Tuesday,17 July, 2018
Current issue | Issue 1231, (29 January - 4 February 2015)
Tuesday,17 July, 2018
Issue 1231, (29 January - 4 February 2015)

Ahram Weekly

Overpriced food?

Declines in international food prices have not reached local markets, reports Mona El-Fiqi

Al-Ahram Weekly

Cereals, vegetable oils, sugar and dairy products all witnessed drops in international prices during 2014, according to UN Food and Agricultural Organisation (FAO) figures.

The changes in prices were reflected in the FAO’s Food Price Index, which tracks the prices of five major food commodity groups. Meat was the only tracked commodity that registered a price increase during the year.

The December Food Price Index witnessed a drop of 1.7 per cent from November, and 2014 saw prices drop by 3.7 per cent from 2013, marking their decline for the third consecutive year.

The FAO attributed the price drops to abundant harvests and large stocks combined with a stronger US dollar and falling oil prices.

According to the FAO, the price of cereals dropped 12.5 per cent from the previous year, due to forecasts of record production and sufficient inventories. But the FAO sub-index for meat rose to an annual average of 199 points, up 8.1 per cent from 2013. The other four food groups included in the index fell in 2014 and are at, or close to, their lowest levels in five years.

In Egypt, however, local consumers have not seen these falls in international prices reflected in what they are charged in the shops. Soha Moustafa, a housewife, said, “The prices of products like electrical equipment, furniture and mobiles drop, but food prices never decrease.”

She added that annual increases in her family’s income couldn’t cover jumps in the price of food. “Lunch alone costs LE80 due to the increase in prices, and the drop in international prices does nothing for us,” Moustafa added.

According to the Central Agency for Public Mobilisation and Statistics (CAPMAS), the annual urban inflation rate rose to 9.8 per cent in December 2014, up from 8.5 per cent in November.

CAPMAS attributed the jump to the higher prices of food and beverage products, including vegetables, fruit, meat, dairy products and seafood.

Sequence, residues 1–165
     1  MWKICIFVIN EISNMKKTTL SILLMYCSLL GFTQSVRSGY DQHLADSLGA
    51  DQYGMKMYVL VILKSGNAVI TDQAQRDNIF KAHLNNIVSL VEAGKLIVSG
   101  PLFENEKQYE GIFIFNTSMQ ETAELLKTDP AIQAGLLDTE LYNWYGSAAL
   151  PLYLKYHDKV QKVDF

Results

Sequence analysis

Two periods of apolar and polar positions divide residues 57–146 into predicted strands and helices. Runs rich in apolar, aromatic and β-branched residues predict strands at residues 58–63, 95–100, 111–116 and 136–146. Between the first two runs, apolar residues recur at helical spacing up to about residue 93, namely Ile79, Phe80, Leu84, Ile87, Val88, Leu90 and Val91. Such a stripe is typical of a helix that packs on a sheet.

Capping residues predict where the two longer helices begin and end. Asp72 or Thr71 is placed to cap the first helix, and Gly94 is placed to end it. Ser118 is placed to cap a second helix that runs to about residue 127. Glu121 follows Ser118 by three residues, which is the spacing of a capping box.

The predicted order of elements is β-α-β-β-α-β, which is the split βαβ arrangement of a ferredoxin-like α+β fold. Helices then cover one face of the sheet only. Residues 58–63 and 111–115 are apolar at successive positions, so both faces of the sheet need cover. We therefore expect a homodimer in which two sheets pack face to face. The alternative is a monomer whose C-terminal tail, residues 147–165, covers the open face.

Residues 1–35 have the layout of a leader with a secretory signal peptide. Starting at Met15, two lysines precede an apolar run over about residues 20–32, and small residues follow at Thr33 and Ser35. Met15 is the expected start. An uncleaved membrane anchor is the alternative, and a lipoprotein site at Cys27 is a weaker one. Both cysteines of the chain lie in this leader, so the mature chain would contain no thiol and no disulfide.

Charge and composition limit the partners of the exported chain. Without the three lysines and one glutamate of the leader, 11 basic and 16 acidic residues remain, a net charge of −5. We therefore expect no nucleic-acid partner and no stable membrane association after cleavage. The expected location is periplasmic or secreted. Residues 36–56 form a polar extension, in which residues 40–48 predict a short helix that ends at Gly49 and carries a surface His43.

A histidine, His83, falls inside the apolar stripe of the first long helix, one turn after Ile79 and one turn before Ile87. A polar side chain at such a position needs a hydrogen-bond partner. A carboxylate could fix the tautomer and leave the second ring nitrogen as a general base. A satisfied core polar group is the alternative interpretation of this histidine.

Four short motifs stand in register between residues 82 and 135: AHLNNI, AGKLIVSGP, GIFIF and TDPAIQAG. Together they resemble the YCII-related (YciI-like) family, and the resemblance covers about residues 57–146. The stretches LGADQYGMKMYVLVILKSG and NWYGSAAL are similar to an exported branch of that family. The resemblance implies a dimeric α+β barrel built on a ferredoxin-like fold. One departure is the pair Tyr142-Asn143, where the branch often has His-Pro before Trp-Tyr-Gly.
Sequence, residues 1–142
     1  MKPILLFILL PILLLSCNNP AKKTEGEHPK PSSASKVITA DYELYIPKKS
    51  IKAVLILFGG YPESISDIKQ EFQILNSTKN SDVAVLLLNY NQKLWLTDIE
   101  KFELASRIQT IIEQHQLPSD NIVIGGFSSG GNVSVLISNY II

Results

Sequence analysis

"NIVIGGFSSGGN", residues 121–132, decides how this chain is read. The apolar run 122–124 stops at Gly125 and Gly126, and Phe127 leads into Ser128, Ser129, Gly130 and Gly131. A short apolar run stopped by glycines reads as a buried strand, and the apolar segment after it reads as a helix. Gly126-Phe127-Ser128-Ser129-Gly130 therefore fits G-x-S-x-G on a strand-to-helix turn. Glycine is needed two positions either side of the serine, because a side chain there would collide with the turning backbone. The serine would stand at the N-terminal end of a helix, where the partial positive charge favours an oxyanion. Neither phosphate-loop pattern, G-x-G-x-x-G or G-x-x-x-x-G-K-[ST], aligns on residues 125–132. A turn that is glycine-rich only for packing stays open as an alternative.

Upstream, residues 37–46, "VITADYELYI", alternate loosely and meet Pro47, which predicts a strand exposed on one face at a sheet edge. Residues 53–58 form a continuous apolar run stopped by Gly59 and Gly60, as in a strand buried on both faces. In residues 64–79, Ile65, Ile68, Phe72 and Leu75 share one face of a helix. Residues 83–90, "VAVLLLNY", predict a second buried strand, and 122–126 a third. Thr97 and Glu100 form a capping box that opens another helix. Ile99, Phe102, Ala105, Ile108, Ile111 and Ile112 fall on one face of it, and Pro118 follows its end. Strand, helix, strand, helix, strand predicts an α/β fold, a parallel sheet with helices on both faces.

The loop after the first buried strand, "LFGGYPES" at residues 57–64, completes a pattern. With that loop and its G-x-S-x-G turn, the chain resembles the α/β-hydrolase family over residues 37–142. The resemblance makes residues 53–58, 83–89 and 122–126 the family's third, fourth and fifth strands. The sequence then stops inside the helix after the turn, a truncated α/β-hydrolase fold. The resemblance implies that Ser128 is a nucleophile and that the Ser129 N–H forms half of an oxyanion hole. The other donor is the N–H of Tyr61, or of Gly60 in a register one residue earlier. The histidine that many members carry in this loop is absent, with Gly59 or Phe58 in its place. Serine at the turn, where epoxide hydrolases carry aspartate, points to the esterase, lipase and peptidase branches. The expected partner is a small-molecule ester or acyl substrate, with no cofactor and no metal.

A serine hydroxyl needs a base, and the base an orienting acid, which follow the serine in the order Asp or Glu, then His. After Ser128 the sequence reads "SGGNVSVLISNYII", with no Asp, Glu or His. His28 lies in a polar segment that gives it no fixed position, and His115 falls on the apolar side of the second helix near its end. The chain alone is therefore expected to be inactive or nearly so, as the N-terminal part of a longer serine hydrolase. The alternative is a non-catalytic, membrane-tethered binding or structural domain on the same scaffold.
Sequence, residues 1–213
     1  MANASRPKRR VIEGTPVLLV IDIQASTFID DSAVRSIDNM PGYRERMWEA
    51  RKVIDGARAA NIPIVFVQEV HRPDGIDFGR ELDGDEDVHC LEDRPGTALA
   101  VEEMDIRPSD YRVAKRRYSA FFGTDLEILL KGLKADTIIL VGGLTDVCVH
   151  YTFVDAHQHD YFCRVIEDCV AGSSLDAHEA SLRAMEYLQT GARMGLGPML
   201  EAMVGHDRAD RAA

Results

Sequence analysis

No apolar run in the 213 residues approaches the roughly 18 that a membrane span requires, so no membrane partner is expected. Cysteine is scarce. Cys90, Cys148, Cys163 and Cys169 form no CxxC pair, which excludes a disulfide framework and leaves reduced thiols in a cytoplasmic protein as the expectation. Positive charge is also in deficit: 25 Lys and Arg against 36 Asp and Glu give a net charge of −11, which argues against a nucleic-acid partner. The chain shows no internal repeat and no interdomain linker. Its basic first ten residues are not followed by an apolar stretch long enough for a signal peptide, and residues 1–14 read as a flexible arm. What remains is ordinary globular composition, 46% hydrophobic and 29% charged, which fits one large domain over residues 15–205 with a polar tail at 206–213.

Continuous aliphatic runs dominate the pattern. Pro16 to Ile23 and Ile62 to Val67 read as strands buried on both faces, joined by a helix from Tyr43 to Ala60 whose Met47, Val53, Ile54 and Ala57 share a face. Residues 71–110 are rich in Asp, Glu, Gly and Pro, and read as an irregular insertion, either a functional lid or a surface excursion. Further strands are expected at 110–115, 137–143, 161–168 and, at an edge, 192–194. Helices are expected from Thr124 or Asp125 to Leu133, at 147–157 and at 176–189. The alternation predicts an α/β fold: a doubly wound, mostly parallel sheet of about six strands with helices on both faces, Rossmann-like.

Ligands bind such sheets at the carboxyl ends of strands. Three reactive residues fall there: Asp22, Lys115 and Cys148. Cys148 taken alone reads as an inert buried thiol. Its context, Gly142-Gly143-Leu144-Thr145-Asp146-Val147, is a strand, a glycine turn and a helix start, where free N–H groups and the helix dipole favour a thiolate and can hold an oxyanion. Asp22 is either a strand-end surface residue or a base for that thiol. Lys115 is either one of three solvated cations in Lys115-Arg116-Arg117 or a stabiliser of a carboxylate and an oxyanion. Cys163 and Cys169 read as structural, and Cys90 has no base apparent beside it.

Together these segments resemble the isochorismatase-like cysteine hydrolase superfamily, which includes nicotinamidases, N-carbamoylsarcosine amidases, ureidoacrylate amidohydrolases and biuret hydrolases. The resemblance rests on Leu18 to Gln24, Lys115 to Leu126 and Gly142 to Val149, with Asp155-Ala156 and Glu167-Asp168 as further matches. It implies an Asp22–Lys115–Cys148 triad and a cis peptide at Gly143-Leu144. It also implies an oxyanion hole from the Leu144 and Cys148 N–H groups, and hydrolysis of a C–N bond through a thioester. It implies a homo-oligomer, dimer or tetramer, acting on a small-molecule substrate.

Blaming the way the local markets are monitored, Shereen Al-Shawarbi, a professor of economics at Cairo University, told Al-Ahram Weekly that increases in international prices usually affect local markets, but this is not the case for falling prices.

When international prices rise by 10 per cent, local prices increase by almost 20 per cent, she said, but if international prices fall, local prices remain stable because traders and importers do not reduce prices, in order to maintain their profits.

Al-Shawarbi had reservations about setting a profit ceiling for traders and importers because such restrictions could lead to corruption. She said it would be better for the Consumer Protection Authority to intervene to cap food prices in local markets.

Runaway local food prices may continue in 2015. The World Economic Outlook report issued by the International Monetary Fund (IMF) expects Egypt’s inflation rate to reach 13.5 per cent in 2015, compared to 10.1 per cent in the previous year.

However, Heba Al-Leithi, a professor of economics at Cairo University, said that, contrary to the IMF’s expectations, the inflation rate may begin to fall due to the decline in global oil prices, as well as in international food prices.

“The decision to cut interest rates recently taken by the Central Bank of Egypt (CBE) is a sign of an expected improvement in the inflation rate,” Al-Leithi said.

The CBE said it based its decision to reduce the overnight interest rate by 0.5 per cent on the fact that inflation has slowed down and growth has been improving. The headline consumer price index slowed down by 1.53 per cent month-on-month and 0.07 per cent month-on-month in November and December.

However, the increase in the dollar exchange rate against the pound could limit the benefits of the retreat in international food prices in local markets, according to Al-Leithi.

The drop in food prices would be mirrored in local markets if prices were left to supply and demand alone, she said. “But as we have monopolies by some producers and importers in Egypt, nothing will change,” Al-Lethi added.

Other factors that push up local prices are transportation costs, especially after recent reductions in fuel subsidies. This is in addition to higher packaging costs. Poor storage can also increase waste, leading to higher food prices, Al-Leithi said.

Egypt is a net importer of food, and its food import bill is high no matter how the value of imports changes, Al-Leithi said, adding that further efforts should be made to increase self-sufficiency in food.

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